Design of Everyday Workflow

Design is a huge factor in determining how successful your workday is. It determines how much you are able to get done as well as how effective you are at reaching your goals. Working smart is obviously much better than working hard.

In a world of information overload, we are always multi-tasking and have too many things that are considered a high priority. The problem with this is that we can only handle a couple of high priority things at any given time. If you have more than a couple of projects that are considered high priority, then you cannot be effective at successfully achieving all of them. If your priority list is very long, you should kill a few projects or temporarily narrow down your list.

In large corporations, workers are generally given too many projects. Each project is classified as being extremely important. An employee seldom says no even when he or she understands that it’s impossible to complete everything to his or her best ability. In this case, there are generally two choices. First, you can complete every project with none of them being great products. Or, you can do a great job on one or two of them with the rest either not getting done at all or finishing late. Your manager will try to squeeze every drop of productivity out of you, but there’s always a limit.

Let’s say that you have two projects that are critical to your success. Anything else is either irrelevant or is just an action step toward achieving that goal. Large projects should be broken down into steps and milestones. This helps keep you on track. And successfully meeting objectives will help motivate you to go ahead and complete the next step.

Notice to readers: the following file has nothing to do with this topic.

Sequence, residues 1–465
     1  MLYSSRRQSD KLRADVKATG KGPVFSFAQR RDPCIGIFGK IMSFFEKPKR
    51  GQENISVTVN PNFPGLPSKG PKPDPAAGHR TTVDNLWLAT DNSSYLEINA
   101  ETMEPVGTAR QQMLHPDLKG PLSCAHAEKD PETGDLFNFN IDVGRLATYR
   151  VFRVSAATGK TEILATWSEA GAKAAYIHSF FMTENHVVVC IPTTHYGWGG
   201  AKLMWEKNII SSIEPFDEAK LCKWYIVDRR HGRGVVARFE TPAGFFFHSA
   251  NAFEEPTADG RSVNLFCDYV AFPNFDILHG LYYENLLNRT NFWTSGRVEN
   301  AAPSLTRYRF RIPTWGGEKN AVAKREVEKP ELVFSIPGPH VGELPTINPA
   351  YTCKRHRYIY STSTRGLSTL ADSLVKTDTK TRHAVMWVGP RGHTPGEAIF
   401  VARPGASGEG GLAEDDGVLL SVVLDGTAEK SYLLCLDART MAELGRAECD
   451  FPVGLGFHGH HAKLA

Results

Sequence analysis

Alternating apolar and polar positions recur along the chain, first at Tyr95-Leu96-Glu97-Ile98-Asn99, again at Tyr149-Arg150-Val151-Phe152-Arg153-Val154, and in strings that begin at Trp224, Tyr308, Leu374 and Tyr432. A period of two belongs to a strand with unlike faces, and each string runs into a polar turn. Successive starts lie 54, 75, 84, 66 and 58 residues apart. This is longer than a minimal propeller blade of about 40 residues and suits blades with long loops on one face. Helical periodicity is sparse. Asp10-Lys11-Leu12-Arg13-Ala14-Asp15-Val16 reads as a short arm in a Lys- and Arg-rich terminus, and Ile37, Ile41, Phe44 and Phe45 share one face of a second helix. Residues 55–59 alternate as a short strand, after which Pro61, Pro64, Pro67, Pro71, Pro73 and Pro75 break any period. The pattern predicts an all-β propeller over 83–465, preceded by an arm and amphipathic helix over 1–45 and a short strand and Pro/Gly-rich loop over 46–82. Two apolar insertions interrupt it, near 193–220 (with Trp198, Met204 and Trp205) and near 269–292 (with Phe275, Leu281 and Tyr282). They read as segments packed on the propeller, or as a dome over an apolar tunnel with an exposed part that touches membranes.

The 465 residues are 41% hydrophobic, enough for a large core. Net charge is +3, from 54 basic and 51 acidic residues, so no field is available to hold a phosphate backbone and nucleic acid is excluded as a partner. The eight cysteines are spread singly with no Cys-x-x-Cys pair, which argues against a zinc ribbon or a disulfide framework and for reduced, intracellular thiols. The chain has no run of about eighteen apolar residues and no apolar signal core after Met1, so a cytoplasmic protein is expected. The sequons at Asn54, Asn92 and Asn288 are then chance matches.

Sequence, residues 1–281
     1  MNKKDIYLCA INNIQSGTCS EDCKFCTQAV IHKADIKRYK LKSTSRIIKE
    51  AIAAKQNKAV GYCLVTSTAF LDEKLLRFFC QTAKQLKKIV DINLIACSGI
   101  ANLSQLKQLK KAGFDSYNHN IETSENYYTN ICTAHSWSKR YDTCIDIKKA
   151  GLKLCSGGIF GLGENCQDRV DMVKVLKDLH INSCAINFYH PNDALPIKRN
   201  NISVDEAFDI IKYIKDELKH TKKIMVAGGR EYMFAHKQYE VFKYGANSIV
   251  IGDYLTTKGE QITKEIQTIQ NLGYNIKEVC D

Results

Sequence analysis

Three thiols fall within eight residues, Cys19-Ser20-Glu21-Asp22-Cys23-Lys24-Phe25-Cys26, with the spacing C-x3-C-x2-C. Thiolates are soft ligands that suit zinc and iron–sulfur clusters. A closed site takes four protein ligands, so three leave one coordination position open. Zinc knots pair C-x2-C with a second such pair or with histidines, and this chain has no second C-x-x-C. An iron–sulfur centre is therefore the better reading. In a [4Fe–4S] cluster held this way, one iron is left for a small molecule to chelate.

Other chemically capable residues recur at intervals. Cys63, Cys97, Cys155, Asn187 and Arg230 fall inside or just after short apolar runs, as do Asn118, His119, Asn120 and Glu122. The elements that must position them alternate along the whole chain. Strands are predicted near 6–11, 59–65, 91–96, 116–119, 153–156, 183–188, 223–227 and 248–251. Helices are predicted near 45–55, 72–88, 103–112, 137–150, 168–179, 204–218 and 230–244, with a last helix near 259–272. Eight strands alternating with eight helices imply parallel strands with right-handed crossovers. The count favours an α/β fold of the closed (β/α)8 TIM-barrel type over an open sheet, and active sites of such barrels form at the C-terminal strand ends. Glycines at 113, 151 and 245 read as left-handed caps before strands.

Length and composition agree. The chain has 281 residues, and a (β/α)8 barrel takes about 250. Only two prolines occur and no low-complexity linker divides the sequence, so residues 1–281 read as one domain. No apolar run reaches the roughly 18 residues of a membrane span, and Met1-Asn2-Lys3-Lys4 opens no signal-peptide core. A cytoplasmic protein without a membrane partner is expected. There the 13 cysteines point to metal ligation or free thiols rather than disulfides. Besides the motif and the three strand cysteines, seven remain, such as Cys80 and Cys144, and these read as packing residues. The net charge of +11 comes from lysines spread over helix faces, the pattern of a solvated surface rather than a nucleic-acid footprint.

Your workspace should give you comfort and should not make you feel like you’re going to prison everyday. Cubicles are a productivity drain and are not human friendly. If you can design your workspace to have a degree of inspiration, the quality of your work would improve.

Perhaps there’s a couple of tasks you generally find boring because they are redundant or require very little thought. In addition, you procrastinate on them because of this. You can take your laptop to a coffee shop and finish the task there. This will help because being at the coffee shop makes the experience more pleasant.

Once you get a grasp on how to prioritize effectively, you need to allocate distraction free time to get it done. This can be really difficult. We have cell phones going off, email messages popping up, and people walking in the door assuming we’re working in a public place. The real issue lies with the fact that a single distraction will interrupt our flow. During a critical focus time, a single interruption can completely throw us off. Then, we have to spend at least 5 minutes or longer just to get back to where we were.

Having said that, you need to figure out a way to get yourself some distraction-free time. For many people, this can be early in the morning. For example, if you get to work at 6 a.m., there are few, if any, other workers in the office. No one is there to distract you. When everyone else comes trickling in, between 8 and 9, you will already have 2 hours of productive work done. Compare this with the fact that most employees only deliver about 2 hours of quality work per day. This is because of things like distractions and meetings.

Your coworkers simply can’t get as much done because they are only working during the day when meetings and other distractions are prevalent. By the time they arrive to work, you will have already equaled or surpassed what your coworkers will do for the entire day. The difference being a matter of discipline and workflow design.

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